Women had many children to help with chores on the trail. Most of her children, especially the girls, were illiterate. It wasn't until the middle 1800's that school became an option for her children. Her children learned skills and hands on training on the prairie. The Bible was the authority taught in the family. That obligation was shared by both parents. Some men left the spiritual education up to their wives. Unfortunately, some pioneer women could not read. Her most important knowledge was the skills of running a large household, sewing, crocheting, mending, darning, cooking and raising small children.

Fashion, of course, was different than in the city. Gone were the pioneer lady's days of silk dresses and bustles. Those she left behind in the city. Now, her dresses were made from cotton and shortened a bit in length due to all the dirt and mud. However, she did spruce up for parties by adding ruffles to her dresses. Any fabric left over, no matter how small, she collected for a later time to make quilts with other pioneer ladies.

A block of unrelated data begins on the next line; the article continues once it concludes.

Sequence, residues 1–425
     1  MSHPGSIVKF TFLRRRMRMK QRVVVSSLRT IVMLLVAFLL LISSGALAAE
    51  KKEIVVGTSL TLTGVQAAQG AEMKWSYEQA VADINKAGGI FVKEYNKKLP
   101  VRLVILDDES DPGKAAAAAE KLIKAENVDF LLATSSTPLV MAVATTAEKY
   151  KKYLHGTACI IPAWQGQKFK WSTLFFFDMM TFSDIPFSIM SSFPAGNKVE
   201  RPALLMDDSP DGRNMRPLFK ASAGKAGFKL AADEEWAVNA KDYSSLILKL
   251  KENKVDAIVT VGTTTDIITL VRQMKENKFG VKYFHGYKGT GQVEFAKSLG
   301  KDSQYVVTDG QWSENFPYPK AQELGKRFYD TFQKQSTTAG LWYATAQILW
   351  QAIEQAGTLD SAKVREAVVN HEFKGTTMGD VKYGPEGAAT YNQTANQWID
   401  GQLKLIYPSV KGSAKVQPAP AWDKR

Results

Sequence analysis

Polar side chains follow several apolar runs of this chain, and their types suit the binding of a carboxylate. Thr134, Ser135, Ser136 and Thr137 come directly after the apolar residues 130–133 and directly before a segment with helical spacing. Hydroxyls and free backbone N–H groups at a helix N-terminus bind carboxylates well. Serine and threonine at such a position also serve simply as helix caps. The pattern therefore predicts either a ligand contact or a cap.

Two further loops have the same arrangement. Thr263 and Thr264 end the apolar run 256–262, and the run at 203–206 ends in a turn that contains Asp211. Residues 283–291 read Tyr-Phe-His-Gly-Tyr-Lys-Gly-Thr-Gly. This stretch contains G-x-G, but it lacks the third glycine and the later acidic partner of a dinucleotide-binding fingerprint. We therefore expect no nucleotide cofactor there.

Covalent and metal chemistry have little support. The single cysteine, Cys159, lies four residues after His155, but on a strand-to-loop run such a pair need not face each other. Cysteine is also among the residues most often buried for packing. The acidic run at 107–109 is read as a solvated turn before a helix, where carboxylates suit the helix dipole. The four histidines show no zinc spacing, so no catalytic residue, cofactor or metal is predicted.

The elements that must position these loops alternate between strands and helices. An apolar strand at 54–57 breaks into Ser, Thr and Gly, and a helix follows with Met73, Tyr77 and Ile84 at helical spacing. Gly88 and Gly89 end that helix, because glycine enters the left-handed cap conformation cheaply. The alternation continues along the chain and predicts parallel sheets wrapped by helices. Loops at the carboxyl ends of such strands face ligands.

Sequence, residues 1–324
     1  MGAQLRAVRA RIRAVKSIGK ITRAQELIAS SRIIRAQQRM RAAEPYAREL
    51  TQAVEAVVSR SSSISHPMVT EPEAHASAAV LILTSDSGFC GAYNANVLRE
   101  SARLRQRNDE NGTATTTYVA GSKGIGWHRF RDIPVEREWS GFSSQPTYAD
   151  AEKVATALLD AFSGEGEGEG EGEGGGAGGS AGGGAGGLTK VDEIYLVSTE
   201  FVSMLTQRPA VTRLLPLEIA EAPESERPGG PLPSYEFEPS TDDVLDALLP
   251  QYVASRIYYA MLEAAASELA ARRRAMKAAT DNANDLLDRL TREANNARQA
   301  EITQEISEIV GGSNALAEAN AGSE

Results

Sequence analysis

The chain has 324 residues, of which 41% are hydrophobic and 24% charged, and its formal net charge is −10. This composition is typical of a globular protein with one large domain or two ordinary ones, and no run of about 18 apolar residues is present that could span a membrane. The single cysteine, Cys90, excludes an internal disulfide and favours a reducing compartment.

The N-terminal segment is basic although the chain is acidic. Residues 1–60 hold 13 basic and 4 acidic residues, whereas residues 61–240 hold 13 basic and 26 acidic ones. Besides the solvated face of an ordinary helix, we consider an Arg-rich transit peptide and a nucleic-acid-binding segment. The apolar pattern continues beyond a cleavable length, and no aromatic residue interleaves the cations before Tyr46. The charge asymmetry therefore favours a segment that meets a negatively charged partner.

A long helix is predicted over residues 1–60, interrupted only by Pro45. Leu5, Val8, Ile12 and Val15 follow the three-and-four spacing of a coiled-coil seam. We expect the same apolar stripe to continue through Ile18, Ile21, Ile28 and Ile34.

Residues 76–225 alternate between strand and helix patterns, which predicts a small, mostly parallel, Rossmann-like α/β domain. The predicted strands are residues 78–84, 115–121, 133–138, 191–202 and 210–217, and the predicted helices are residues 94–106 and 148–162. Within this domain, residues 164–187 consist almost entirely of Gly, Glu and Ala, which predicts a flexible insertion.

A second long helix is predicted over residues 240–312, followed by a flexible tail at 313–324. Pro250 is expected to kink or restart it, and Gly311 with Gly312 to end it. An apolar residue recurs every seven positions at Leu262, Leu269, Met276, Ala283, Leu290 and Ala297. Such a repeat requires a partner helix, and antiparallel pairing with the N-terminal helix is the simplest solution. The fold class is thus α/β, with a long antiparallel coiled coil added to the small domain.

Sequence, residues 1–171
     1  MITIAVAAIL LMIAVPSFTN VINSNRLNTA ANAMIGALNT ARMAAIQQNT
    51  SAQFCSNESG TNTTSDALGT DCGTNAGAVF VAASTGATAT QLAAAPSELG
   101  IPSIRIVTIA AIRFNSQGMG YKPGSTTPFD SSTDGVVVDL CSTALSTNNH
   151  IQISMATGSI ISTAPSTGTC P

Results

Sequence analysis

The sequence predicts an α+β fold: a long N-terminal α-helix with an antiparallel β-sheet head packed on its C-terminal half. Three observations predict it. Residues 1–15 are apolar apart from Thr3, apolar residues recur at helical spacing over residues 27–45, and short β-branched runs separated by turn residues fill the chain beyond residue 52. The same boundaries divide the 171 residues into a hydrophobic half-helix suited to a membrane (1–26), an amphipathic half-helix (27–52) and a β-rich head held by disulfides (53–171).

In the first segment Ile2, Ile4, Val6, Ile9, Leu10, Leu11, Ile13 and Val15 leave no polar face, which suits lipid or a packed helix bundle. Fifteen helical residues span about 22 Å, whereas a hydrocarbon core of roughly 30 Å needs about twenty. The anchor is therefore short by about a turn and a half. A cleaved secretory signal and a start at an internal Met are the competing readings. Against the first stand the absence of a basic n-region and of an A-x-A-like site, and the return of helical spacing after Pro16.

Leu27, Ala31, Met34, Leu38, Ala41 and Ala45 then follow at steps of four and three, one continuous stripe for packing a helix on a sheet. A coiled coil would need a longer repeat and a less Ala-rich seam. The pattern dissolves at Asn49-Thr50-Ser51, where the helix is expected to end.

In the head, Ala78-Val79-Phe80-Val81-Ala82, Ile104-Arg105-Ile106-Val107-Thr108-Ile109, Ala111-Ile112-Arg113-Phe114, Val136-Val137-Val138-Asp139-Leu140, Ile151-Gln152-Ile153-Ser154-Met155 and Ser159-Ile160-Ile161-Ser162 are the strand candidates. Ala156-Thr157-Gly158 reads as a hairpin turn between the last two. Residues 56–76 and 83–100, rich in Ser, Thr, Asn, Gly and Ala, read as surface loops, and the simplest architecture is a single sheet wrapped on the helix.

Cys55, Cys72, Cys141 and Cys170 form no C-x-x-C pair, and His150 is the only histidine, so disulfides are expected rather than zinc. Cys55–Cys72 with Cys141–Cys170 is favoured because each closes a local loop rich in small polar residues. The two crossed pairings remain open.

Before a family could head west, first the wagon must be packed. This task fell normally to the woman of the house. A list would be prepared, household items that they would no longer need or deemed unable to be carried along, would be sold off first, to help pay for the trip. This would be the first of many heartbreaking hardships. Most women would soon realize that personal possessions did not mean as much though, as the more basic supplies soon came to mean life itself. Once this was done, the wagon would be packed. Clothing and furniture were packed, but food was the main item to be gathered. This would have included mainly staples, such as beans, coffee, flour, salt, a cow to be milked, and dried meat. As they traveled, many families would run low on food, and it was common to slaughter and eat the oxen they had brought along to start their new life over once they arrived at their destination.